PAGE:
Ezra Davids, an alumnus of the University of Cape Town (UCT) and Harvard Law School, heads the Corporate/Mergers & Acquisitions (M&A) department at the South African law firm Bowman Gilfillan Inc, specialising in M&A, capital markets and securities law, and is also the relationship partner for a number of the firm’s major clients. He is a regular contributor to a number of international publications in his areas of interest and has been named by Who’s Who Legal as one of South Africa’s leading M&A lawyers, and became the first practising African lawyer to make the full cover of The American Lawyer. Ezra Davids serves on the UCT Council and is the immediate past chair of the UCT Law Faculty Advisory Board, as also a past chair of the IBA subcommittee concerned with current developments in M&A law and currently vice-chair of the IBA Africa Regional Forum. He is a trustee of the Legal Resources Trust and a patron of the Student Sponsorship Programme.
Jeremy Gauntlett SC
A former chair of the Cape Bar and of the General Council of the Bar of South Africa, and vice-president of the Bar for the International Criminal Court, Jeremy Gauntlett has previously co-chaired the International Bar Association’s Forum for Barristers and Advocates. He is in practice at the Cape, Johannesburg and London Bars and a Bencher of the Middle Temple, and served (sessionally) as a Judge of Appeal of Lesotho from 1996 to 2010. In addition to his practice in commercial and public law in Southern Africa, he has served as an ICC arbitrator and as lead counsel before the SADC Tribunal and now the African Commission and African Court for dispossessed Zimbabwean farmers.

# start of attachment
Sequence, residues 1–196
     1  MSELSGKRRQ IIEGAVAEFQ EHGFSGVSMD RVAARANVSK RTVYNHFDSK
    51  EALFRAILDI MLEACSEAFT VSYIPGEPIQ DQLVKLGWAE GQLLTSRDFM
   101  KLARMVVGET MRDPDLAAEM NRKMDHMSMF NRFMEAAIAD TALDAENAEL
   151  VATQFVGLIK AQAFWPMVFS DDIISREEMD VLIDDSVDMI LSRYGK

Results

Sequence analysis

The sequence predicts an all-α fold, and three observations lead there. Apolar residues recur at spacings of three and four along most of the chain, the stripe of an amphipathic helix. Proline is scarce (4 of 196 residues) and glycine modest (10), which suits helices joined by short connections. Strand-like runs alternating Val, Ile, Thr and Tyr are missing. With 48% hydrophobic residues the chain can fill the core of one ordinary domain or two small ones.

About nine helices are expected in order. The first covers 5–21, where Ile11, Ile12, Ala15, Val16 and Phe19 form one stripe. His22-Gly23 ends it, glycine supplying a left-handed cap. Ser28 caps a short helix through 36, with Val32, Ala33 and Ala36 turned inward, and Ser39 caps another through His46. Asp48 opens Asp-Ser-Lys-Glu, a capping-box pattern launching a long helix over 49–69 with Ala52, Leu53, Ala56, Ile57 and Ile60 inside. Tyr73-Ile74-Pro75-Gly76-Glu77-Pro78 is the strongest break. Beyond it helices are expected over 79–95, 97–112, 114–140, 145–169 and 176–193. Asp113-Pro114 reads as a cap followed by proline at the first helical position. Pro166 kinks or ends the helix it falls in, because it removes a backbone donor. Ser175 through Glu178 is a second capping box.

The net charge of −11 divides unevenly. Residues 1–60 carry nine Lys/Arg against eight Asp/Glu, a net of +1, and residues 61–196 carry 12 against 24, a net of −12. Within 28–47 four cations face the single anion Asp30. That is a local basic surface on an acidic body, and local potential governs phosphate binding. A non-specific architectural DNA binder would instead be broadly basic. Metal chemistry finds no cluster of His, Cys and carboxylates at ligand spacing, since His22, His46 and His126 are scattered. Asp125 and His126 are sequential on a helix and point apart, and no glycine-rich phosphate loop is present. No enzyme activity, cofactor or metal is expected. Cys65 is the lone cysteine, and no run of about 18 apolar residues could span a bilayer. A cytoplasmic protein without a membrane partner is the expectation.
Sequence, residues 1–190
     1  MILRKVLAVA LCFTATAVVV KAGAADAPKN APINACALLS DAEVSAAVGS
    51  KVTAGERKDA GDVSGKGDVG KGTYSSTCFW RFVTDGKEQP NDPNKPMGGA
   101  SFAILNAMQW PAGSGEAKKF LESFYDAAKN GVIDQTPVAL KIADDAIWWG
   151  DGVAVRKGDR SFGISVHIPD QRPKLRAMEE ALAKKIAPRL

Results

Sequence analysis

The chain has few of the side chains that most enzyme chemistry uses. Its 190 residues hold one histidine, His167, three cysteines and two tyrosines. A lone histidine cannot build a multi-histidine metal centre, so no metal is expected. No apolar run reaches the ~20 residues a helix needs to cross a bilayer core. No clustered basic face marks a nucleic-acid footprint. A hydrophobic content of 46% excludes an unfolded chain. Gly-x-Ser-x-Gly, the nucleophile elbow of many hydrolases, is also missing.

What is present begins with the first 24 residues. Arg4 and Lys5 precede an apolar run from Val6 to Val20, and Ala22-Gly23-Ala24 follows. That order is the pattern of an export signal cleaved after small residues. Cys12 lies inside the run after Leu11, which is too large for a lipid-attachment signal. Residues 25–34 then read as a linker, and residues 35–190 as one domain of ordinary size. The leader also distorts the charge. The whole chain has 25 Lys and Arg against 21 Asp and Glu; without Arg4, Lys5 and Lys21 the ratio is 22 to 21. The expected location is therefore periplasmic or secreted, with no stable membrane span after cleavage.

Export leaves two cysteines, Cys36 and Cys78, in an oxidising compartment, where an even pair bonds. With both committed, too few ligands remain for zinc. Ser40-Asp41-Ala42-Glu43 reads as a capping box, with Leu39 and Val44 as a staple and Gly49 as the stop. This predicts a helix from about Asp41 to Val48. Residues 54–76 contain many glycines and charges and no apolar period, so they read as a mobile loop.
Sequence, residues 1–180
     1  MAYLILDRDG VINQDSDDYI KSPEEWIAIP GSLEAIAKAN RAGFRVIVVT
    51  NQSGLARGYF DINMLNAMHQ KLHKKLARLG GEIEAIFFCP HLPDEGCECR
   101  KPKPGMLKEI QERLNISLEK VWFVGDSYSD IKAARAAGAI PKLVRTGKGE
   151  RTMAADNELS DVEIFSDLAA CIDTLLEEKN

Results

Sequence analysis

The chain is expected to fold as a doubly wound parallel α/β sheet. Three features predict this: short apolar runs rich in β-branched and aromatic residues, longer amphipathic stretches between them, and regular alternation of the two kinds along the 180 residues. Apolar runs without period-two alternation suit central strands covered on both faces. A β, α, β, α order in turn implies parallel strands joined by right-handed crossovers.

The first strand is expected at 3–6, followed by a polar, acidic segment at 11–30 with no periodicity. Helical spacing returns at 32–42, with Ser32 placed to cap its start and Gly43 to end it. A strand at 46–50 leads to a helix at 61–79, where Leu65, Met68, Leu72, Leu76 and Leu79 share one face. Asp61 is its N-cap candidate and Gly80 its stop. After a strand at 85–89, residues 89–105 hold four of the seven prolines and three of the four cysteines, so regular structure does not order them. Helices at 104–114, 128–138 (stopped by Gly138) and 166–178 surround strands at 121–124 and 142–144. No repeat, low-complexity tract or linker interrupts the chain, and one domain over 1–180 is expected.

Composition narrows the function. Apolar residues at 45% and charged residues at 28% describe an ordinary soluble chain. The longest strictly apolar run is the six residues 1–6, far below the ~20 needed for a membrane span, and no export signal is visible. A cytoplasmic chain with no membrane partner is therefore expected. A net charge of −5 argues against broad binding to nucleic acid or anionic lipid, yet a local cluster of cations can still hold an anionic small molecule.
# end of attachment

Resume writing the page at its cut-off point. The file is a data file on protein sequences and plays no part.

Abdool Rahim Khan
Abdool Rahim Khan was admitted as an attorney in South Africa in 1977 and has been in practice in Botswana for more than 30 years. Before that he lectured in Law at the University of Botswana, and has also served as an acting Chief Magistrate and as the honorary Swedish consul to Botswana. He is a trustee of the Sir Ketumile Masire Foundation and the Southern Africa Litigation Centre (SALC), a board member of the Alliance Francaise and the African Wildlife Foundation (Washington DC/Nairobi), chairs the Legal Aid Board of Botswana and the UNESCO national commission for Botswana and is a director of Botswana Railways.
Beatrice Mtetwa, a past president of the Law Society of Zimbabwe, qualified in law at the University of Botswana and Swaziland in 1981. Having worked as a prosecutor in Zimbabwe from 1983 to 1989, she entered private practice in Harare and has been litigating on human-rights issues since 1990. Her work in Zimbabwe has resulted in harassment by State agents – arrests, prosecution and physical assaults. She is the recipient of numerous international honours, including the Human Rights Lawyer of the Year Award 2003 (Law Society of England and Wales), the Sydney and Felicia Kentridge Award for Service to Law in Southern African 2009 (South African Bar Council), the International Press Freedom Award 2009 (Committee to Protect Journalists), the Ludovic Trarieux Award 2009 (European Bar Human Rights Institute), the International Human Rights Award 2010 (American Bar Association) and an International Woman of Courage Award 2014 (US State Department), as well as various honorary degrees. Beatrice Mtetwa is the subject of the 2013 documentary Rule of Law and was ranked in 2015 by Fortune magazine as one of the “World’s 50 Greatest Leaders”.
Justice Zak Yacoob
Justice Yacoob served as a Constitutional Court judge from 1998 until his retirement in 2013. He has been a life-long human-rights lawyer, rising to prominence during the apartheid years, and represented, among others, the Durban Six, the United Democratic Front in the Delmas treason trial, and the African National Congress in the Operation Vula trial. Justice Yacoob, who is himself blind, has also been closely involved in the KwaZulu-Natal Blind and Deaf Society, has sat on numerous school committees and has served as chairperson of the South Africa National Council of the Blind.